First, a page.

One of things I was most interested in seeing at BETT last week was the new Lego WeDo 2.0 robotics kit for primary school students. Just like the older WeDo kits, the new Lego WeDo 2.0 is aimed at introducing students to robotics, engineering and coding. Designed for primary school classrooms, the WeDo 2.0 Core Set, Software and Get Started Project is a hands-on solution that ignites pupils’ curiosity, enhancing their skills in science and computing.
Unlike the old WeDo 1, which had to be tethered to the computer via a USB connection, the new WeDo 2.0 has gone wireless with a new Bluetooth Low Energy hub. This allows for greater freedom of movement as well as the ability to control things via tablets. The hub connects to a motor, as well as motion and tilt sensors. Two things can be connected at any one time for example one sensor and the motor.
The software contains building instructions for many different projects as well as a drag-and-drop interface for writing basic applications that can connect to the hub and its sensors.
The desktop and tablet supported software provides an easy-to-use programming environment that gives life to pupils’ LEGO® models. You can download the WeDo 2.0 app from the app store here.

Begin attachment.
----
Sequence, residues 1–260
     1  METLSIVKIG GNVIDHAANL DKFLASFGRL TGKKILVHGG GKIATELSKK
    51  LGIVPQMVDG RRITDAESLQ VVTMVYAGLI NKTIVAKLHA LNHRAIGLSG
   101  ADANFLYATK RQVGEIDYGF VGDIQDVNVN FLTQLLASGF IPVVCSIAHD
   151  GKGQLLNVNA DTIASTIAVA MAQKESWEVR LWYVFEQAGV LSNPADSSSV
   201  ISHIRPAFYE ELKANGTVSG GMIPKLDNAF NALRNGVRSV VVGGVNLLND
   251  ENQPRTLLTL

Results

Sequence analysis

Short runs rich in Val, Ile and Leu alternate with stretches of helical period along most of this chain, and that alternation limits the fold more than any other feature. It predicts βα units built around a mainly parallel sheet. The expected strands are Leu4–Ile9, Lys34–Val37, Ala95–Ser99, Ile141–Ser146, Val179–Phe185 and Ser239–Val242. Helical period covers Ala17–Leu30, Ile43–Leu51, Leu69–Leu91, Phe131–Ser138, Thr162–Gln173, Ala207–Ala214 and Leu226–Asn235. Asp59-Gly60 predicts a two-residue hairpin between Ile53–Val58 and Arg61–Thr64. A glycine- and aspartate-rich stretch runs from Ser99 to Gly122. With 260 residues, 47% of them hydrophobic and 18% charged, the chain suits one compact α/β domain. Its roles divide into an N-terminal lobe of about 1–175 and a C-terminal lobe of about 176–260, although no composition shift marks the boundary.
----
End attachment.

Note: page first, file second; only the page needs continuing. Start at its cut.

As well as the hardware sets and software, LEGO is also offering a substantial curriculum pack which features more than 40 hours of lessons. This curriculum pack carries an additional cost. For example, students can investigate how robots explore other planets by building Milo the Rover. They can add sensors to make Milo stop when he reaches his destination.
Another project asks the students to build a model to demonstrate how pollination works, with the flying insect stopping when it passes over a Lego flower!
The basic kit comes with one control block, a tilt sensor, motion sensor and a single motor. Two of these can be connected at any one time. With just one motor attached your bot can go forwards/backwards, but if you want it to be able to turn, you’ll need add a second motor. This shouldn’t be a problem with a class set as you can combine kits, but if you only get a single kit you’ll need to be aware of that! You might want to look into buying a second motor individually.
The connectors are different to the WeDo v1 hub, motor and sensors, so you won’t be able to use those with the WeDo 2.0 hub, sadly. Any other Lego bricks you own will of course be fully compatible!
I loved playing with the Lego WeDo, and I found it very simple to get up and running. Connection was very simple indeed and it all worked 1st time with my iPad. It’s a neat bit of kit. Go take a look!
For more info, visit the Lego Education website.